By now everyone has probably seen the news reports about the various bacteria found when the floors of airport passenger screening areas were examined — including staffoid, an organism that can cause skin infections that go deep through the layers, and nazeria, which is of the species that can lead to gonorrhea. And, some of us, after hearing this, have even since refused to remove our shoes in the security lane and were then subjected to the friendly pat-down from a same-sex Transportation Security Administration agent.
While most travelers won’t argue the need for increased security, they do have something to say about long lines at security checkpoints. Each time someone refuses to remove his or her footwear, the staffing of the checkpoint is stretched, thus slowing down the flow. It would seem that there has to be a better way.
Some airports are now supplying booties for travelers to wear over their feet while their shoes make their way on the belt for screening, but at least one is taking it a step further. Orlando International Airport passengers enrolled in the airport’s registered traveler program, Clear, operated by Verified Identity Pass, Inc., will be testing new technology for screening for explosives and metal on a person that, if approved by TSA, will potentially allow travelers to keep their shoes and jackets on, according to Verified Identity Pass spokesperson Cindy Rosenthal. However, during the test phase, travelers will still have to remove their shoes and jackets.
Clear is the first privately run registered traveler program operating at a U.S. airport. It has been operational since July 19, 2005, at Orlando and has enrolled more than 20,000 members.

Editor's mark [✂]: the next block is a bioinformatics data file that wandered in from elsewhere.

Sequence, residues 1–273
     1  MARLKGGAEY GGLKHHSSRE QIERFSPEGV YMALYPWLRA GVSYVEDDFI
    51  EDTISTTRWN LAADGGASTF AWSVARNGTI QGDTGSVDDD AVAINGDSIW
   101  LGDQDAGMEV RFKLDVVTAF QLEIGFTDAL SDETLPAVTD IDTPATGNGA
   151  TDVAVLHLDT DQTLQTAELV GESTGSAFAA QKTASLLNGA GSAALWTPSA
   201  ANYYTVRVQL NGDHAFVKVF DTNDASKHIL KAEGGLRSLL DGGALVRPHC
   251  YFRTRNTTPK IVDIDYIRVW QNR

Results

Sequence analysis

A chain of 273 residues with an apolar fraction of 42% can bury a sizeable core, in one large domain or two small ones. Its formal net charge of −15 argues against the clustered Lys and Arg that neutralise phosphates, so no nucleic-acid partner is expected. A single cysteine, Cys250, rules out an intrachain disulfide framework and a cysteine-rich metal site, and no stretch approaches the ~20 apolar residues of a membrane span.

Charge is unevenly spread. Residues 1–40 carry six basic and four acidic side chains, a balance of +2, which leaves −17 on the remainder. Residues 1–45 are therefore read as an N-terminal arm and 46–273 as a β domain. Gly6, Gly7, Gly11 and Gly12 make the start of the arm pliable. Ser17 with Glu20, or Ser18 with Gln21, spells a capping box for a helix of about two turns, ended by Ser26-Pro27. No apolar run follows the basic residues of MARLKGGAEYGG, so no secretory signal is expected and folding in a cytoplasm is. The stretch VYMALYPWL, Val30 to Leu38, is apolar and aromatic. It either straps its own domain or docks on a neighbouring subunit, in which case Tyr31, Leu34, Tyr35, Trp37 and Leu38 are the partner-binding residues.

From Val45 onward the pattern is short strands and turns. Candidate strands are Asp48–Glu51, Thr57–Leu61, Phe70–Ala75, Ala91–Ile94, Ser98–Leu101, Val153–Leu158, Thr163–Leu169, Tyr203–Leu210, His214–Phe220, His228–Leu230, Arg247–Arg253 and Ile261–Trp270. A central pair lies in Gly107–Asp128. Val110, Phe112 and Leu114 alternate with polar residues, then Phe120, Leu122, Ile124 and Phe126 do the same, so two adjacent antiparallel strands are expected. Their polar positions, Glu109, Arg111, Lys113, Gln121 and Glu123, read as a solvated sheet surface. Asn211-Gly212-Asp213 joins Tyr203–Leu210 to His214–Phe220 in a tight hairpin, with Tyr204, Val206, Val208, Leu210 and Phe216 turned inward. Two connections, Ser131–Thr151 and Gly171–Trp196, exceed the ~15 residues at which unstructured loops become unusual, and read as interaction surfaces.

According to the company, Clear has been selected by Norman Y. Mineta San Jose International Airport and Indianapolis International Airport to begin operations there upon approval from TSA, expected this summer. Verified Identity Pass has an agreement with Toronto Pearson International Airport to operate a Canadian program.
Rosenthal says the scanning technology is incorporated into the Clear kiosks at Orlando International and was developed by Verified Identity Pass, in partnership with General Electric.
[In February 2006, GE Security’s Homeland Protection business, through its wholly-owned subsidiary GE Invision, announced a minority strategic investment of up to $16 million in Verified Identity Pass, Inc. According to GE, the company intends to utilize its research and development capability, its experience in airline luggage and passenger screening, as well as its next-generation explosives detection technology to improve passenger checkpoint security, drive down the cost of providing improved security, and allow Clear members an expedited security process.]
Explains Rosenthal, “When people stand in front of the kiosks to do their procedure to verify themselves in terms of their biometrics, the kiosk also allows their shoes to be checked for metal and explosives. So, potentially you would be allowed to keep your shoes and jackets on.” At the end of June, TSA delayed its rollout of the new registered traveler pilot, RT-20, which is expected to “morph into a national program,” according to TSA’s Ted Sobel’s comments at the American Association of Airport Executives annual meeting in San Diego.